There were differing opinions about Russia’s absence during the March 2016 Nuclear Security Summit. While some saw impudence towards Obama, others chalked it up to summit fatigue.
The warm rhetoric between Russian President Putin and US President-elect Trump was discussed in coffee breaks – including Trump’s appointment of KT McFarland as Deputy National Security Adviser. McFarland has advocated for bombing Iran and is noted for a 2013 opinion piece entitled, “Putin is the one who really deserves that Nobel Peace Prize.”
While there was disagreement among conference participants regarding next steps to US-Russia strategic stability, there was consensus that nuclear relations had entered terra incognita.
Shifting rules and norms
Collective handwringing about the implications of a Trump presidency served as backdrop for the conference, with participants checking their phones for Trump news much as one would for storm updates.
As Petr Kratochvíl, Director of the Institute of International Relations Prague, noted: “2009 seems to be from a different world… there was hope that change would come, and it would be positive and progressive. Now change seems to be certain but not many of us have much hope that it will be positive or for that matter progressive.”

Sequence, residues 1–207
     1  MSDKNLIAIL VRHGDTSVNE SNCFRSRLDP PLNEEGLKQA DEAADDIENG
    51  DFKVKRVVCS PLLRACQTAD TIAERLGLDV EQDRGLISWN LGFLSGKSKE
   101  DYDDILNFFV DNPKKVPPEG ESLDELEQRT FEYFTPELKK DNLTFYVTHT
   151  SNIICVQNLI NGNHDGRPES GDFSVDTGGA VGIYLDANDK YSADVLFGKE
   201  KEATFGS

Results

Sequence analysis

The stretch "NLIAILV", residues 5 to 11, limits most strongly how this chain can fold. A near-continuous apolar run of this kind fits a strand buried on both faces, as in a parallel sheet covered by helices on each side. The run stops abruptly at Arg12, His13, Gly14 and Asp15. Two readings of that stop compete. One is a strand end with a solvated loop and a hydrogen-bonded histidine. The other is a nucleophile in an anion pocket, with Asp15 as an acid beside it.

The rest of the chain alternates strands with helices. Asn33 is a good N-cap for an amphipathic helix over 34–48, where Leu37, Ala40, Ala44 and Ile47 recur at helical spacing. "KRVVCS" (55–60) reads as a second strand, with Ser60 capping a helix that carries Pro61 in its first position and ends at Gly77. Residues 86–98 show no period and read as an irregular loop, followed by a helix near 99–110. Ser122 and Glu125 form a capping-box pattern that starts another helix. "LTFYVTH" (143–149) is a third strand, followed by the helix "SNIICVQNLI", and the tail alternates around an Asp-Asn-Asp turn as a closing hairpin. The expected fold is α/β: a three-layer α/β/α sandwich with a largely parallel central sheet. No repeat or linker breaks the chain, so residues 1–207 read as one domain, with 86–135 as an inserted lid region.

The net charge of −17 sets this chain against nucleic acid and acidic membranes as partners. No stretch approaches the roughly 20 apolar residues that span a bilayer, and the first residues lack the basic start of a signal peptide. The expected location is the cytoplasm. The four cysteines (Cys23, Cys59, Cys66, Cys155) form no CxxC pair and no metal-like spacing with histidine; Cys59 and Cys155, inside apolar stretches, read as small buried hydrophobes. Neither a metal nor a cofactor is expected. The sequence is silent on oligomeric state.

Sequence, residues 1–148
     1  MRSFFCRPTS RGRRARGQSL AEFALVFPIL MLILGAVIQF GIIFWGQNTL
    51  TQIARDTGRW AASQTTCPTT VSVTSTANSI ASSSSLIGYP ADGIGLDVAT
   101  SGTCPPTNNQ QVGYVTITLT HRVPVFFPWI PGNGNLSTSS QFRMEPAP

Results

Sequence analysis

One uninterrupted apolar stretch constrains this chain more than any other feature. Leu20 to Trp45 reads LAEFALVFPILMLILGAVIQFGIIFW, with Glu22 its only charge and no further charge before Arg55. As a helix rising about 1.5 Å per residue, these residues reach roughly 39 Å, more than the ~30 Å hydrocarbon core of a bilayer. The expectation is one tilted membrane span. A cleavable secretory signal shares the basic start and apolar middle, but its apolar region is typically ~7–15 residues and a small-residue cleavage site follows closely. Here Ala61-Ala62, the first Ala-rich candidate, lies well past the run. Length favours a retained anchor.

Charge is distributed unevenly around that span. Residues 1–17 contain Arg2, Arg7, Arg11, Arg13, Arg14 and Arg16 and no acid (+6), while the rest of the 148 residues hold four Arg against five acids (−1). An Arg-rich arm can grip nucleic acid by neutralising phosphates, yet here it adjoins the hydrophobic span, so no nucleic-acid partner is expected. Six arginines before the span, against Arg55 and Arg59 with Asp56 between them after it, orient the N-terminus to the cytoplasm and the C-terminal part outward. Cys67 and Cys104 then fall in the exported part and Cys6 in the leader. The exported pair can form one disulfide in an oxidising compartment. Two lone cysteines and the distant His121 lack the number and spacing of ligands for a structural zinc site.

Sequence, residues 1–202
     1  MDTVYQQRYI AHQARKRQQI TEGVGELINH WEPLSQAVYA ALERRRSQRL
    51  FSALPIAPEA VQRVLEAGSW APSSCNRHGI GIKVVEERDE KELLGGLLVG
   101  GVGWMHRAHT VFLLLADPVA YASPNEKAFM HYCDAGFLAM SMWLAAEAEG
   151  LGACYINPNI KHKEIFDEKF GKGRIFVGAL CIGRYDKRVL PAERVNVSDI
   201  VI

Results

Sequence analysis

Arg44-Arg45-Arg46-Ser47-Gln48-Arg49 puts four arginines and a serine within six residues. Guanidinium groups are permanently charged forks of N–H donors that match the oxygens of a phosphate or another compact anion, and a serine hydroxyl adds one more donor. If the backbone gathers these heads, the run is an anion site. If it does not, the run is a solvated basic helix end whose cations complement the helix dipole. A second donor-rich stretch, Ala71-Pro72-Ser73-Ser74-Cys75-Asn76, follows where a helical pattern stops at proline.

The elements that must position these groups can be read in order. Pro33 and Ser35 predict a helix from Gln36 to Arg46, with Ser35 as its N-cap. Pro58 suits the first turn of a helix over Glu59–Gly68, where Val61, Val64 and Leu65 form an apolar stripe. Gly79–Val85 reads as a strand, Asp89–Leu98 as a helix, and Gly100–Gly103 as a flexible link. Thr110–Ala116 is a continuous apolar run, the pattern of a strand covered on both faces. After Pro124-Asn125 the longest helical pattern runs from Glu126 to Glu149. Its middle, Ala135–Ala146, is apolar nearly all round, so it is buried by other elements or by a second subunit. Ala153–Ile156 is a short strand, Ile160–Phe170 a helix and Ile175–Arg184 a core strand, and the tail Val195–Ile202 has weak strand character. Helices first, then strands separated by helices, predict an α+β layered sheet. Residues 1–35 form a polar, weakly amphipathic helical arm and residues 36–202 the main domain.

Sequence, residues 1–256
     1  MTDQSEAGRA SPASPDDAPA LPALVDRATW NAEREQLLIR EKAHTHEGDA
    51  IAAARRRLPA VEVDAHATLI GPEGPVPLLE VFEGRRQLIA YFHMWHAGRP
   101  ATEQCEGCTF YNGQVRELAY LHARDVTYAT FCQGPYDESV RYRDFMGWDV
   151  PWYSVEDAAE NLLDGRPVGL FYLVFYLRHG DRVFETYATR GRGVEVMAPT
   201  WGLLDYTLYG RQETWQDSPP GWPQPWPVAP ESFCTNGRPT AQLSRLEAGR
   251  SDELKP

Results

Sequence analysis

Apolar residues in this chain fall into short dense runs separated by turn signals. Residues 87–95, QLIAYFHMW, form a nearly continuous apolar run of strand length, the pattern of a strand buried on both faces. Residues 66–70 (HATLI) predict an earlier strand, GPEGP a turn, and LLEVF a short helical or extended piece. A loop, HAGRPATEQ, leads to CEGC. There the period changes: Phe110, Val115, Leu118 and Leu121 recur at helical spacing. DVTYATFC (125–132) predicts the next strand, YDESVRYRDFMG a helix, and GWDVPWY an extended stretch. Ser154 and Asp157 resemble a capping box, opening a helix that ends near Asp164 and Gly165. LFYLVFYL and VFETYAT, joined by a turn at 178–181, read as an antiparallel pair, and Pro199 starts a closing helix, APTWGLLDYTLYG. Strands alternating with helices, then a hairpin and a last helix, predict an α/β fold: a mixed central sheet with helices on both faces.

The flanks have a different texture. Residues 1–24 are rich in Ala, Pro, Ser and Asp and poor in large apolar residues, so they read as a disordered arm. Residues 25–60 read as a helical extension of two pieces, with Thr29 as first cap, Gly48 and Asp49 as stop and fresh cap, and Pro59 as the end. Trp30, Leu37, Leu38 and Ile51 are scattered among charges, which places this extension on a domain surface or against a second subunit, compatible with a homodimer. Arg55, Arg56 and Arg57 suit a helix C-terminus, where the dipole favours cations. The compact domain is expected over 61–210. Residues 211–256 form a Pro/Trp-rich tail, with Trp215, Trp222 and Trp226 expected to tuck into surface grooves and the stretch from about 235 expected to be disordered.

Whether long-held rules and norms around nuclear weapons still exist or are even desirable was hotly debated. Sadia Tasleem of Quaid-i-Azam University in Islamabad saw “digital anarchy” as threatening existing paradigms but with the upside of enabling the creation of global networks. Benjamin Tallis of the Institute of International Relations in Prague emphasized the importance yet difficulty of scholars engaging in a “post-truth world” that claims to be “increasingly sick of experts.”
Many doubted whether the “shared values and shared history” mentioned in Obama’s Prague speech even existed. However, Anatoly Reshetnikov of the Central European University in Budapest suggested that protracted disputes could be ended by efforts to converge interpretations of the past, adding that “framing something as a threat, a provocation, a crisis” serves mainly to reinforce fear and confrontation.
Interestingly, whereas Obama’s Prague speech outlined a litany of social challenges that sound a lot like today’s Sustainable Development Goals (jobs, changing climate, poverty, clean energy, etc.), conference speakers seldom connected nuclear weapons to broader social issues, even within the contemporary context of hemorrhaging modernization budgets.